Look to the earth : historical archaeology and the American Civil War. Knoxville: University of Tennessee Press 1994.

Clancy, Paul, R. Ironclad: The Epic battle, calamitous loss, and historic recovery of the USS Monitor. Camden, Me: International Marine/ McGraw-Hill Press., 2006.




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Bibliography:

Historical archaeological investigations of the Civil War battlefields in the Old South have provided modern researchers with an "appreciation of the complexities inherent in ethnicity in the past, through the powerful integration of multiple data sources that place objects in richer contexts" (p. 603). Because the findings of such investigations are typically communicated to the local public in various ways, such studies remain an important source of cultural binding today. For instance, "The proliferation of ethnic festivals reflects not only the post-Civil War emigration of many Europeans but also the rediscovery of local heritage in many communities" (p. 603).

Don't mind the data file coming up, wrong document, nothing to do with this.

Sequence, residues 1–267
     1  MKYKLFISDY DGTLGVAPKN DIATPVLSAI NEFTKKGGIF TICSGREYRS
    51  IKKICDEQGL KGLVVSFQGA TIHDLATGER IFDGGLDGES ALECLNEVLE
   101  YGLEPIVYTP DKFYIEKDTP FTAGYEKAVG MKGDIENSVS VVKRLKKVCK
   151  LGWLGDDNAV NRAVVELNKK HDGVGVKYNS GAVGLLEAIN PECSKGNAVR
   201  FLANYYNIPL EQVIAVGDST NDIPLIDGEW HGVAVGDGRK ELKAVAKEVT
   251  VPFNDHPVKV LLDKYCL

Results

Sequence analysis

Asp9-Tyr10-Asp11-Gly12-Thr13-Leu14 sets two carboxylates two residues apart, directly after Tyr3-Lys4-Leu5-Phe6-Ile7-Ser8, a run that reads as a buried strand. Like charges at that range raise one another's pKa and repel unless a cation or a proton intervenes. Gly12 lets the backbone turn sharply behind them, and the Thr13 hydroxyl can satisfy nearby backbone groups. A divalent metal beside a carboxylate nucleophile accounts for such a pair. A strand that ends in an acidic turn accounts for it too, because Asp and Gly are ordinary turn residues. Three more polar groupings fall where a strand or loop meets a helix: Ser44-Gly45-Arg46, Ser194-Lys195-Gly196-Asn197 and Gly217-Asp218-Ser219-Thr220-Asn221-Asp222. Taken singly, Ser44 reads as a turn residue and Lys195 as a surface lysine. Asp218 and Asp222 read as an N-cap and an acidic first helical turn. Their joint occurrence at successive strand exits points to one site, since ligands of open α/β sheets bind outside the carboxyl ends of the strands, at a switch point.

Thomas, Brian W. (1998). Power and community: The archaeology of slavery at the Hermitage Plantation. American Antiquity, 63(4), 531.